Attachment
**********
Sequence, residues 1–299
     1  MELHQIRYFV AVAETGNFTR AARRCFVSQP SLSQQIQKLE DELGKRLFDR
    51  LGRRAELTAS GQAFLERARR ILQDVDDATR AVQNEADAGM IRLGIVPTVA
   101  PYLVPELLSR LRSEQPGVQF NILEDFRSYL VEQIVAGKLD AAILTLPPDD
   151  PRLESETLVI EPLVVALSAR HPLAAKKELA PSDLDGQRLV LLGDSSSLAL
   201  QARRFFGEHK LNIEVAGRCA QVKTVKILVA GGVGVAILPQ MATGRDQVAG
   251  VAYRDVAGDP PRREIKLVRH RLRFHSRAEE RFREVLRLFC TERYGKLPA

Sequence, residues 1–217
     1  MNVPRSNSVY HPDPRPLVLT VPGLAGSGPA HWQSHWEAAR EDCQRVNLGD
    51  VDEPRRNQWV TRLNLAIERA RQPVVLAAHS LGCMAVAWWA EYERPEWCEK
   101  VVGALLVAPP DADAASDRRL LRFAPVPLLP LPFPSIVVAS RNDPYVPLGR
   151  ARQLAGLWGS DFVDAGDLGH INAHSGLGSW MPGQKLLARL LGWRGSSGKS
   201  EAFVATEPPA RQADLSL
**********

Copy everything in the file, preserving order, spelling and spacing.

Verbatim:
Sequence, residues 1–299
     1  MELHQIRYFV AVAETGNFTR AARRCFVSQP SLSQQIQKLE DELGKRLFDR
    51  LGRRAELTAS GQAFLERARR ILQDVDDATR AVQNEADAGM IRLGIVPTVA
   101  PYLVPELLSR LRSEQPGVQF NILEDFRSYL VEQIVAGKLD AAILTLPPDD
   151  PRLESETLVI EPLVVALSAR HPLAAKKELA PSDLDGQRLV LLGDSSSLAL
   201  QARRFFGEHK LNIEVAGRCA QVKTVKILVA GGVGVAILPQ MATGRDQVAG
   251  VAYRDVAGDP PRREIKLVRH RLRFHSRAEE RFREVLRLFC TERYGKLPA

Sequence, residues 1–217
     1  MNVPRSNSVY HPDPRPLVLT VPGLAGSGPA HWQSHWEAAR EDCQRVNLGD
    51  VDEPRRNQWV TRLNLAIERA RQPVVLAAHS LGCMAVAWWA EYERPEWCEK
   101  VVGALLVAPP DADAASDRRL LRFAPVPLLP LPFPSIVVAS RNDPYVPLGR
   151  ARQLAGLWGS DFVDAGDLGH INAHSGLGSW MPGQKLLARL LGWRGSSGKS
   201  EAFVATEPPA RQADLSL